Update Dec. 2021:
Lists level up the starring experience by making it easy to organize and curate your favorite repositories on GitHub.
You can create public lists that appear on your stars page at https://github.com/USERNAME?tab=stars.
Lists are available to everyone except enterprise managed users.
However (June 2022), as illustrated by Wyck in GitHub Community Issue #4174: Support repository categories, the presentation is still lacking:
if I click the topic button, it shows me a list of all public repos marked with that same topic keyword.
Instead, I'd prefer if there was a way to view only repos within my organization marked with that topic.
I'd also like to see a top-level list of all topic that have been marked on any repos within my private organization, to serve as a top-level directory or table-of-contents of repos in my organization.
Update Sept. 2023: the same GitHub Community Issue #4174: "Support repository categories" adds from the Customer Support:
Guy (GitHub Support)
Sep 15, 2023, 11:04AM UTC
I understand, I've added your comments about the lack of this feature being a blocker for your org to our internal customer feedback tracker.
Requests for It have been made by some quite large Enterprise orgs since at least 2014, and the Product Managers have never been persuaded to implement It, so I don't think it's likely they will change their minds any time soon, unfortunately.
So no project folder structure for now (2023).
On GitHub itself, you cannot group your repos by "folder", unless you create organizations.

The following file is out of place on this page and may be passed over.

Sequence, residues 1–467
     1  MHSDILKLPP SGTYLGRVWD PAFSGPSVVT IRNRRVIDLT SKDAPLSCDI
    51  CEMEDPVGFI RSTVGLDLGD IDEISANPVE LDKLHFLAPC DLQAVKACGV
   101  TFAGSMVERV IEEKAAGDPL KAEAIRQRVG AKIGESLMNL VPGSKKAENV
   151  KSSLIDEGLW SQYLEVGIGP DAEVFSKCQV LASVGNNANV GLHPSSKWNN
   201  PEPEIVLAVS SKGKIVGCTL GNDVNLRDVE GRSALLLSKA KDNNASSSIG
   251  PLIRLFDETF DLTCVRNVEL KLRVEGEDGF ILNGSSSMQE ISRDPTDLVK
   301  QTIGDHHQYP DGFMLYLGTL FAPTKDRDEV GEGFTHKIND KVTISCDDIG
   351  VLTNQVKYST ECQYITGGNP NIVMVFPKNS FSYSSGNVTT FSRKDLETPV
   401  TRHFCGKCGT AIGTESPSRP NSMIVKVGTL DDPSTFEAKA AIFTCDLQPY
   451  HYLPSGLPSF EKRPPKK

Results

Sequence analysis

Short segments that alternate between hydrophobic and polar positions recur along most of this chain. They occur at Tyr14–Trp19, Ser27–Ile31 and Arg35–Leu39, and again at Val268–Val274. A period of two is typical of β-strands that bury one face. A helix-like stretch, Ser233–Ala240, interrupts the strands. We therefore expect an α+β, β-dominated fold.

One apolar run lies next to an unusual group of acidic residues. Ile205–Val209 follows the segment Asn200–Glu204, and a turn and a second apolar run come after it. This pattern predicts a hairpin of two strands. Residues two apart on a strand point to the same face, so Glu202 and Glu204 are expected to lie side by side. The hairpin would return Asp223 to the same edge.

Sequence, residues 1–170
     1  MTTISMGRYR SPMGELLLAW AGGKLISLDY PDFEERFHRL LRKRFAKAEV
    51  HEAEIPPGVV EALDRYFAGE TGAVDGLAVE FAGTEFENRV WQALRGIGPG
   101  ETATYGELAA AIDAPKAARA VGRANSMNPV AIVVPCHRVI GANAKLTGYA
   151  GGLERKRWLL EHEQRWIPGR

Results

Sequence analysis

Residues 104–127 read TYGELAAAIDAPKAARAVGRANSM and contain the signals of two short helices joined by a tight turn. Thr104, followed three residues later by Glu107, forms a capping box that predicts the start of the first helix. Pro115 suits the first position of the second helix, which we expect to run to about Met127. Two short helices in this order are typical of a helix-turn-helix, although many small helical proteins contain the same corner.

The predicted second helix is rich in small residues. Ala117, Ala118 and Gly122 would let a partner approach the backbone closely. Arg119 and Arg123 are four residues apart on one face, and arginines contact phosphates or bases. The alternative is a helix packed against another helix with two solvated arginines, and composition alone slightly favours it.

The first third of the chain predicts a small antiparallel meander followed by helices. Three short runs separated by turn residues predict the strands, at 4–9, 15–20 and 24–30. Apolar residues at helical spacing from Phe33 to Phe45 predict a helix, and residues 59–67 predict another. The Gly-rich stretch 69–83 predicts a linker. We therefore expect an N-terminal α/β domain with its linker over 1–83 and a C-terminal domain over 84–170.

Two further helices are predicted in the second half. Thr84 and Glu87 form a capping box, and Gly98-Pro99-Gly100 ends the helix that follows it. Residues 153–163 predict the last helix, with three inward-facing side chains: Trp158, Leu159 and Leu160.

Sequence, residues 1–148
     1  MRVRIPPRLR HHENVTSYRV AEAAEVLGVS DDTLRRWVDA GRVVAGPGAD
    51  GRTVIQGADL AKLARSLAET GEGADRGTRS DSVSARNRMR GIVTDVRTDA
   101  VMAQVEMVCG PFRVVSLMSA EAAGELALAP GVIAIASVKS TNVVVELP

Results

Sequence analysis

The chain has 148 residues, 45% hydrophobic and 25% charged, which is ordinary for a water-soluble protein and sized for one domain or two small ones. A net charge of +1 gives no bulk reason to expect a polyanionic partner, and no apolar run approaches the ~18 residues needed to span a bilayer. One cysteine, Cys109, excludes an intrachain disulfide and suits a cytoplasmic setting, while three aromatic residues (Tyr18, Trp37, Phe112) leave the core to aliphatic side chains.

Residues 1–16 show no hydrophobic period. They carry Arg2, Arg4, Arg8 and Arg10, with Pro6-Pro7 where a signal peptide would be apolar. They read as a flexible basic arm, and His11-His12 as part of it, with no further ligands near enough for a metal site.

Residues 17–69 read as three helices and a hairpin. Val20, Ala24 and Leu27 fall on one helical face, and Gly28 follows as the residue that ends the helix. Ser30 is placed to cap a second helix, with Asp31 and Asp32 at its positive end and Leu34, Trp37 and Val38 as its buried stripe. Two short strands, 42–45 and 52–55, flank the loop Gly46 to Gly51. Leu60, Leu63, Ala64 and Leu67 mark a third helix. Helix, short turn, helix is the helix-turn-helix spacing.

See SublimeText, for instance, as a group of all sublimeText packages repos.
But that won't support a nested folder organization. For now (June 2017), that only supports a nested team organization structure.
Update Aug. 2020: the README project allows you to add a profile page... in which you can list and organize your repositories any way you want. But that is a manual process (editing the page).
Update February 2019: you now have the concept of project:
See "User owned projects—your personal workspace "
You can also link up to 5 repositories to your project board. Linking repositories will limit the scope of the search to those linked repositories, so you can quickly narrow down any new issues you haven’t yet added to the project board
GitHub also supports tags now (in the form of topics).
Original answers 2012:
Another solution is for you to define repositories which reference other repos, declared as submodules.
That way, when you are cloning one of the repos (which references other repos), called "parent repos", they will be cloned in their own directory, with a sub-directory per submodules.
It won't be visually apparent on your GitHub account itself (as it will still contains a large list of repos, even larger with the parent repos), but by cloning one parent repo, you will get back all its associated submodules in it.
The issue 302 mentioned in the comments by AnneTheAgile in 2014 just references now (Nov. 2018)
The small python program in this repository uses the GitHub API to get a list of your repos. and add their name, description, and URL, to a new repo., by default called repo_tags. Initially each “issue” is tagged unclassified, but you can tag them as you please, using regular issue tagging.
repo_tags.py only creates issues for repos. that weren't already covered by an issue.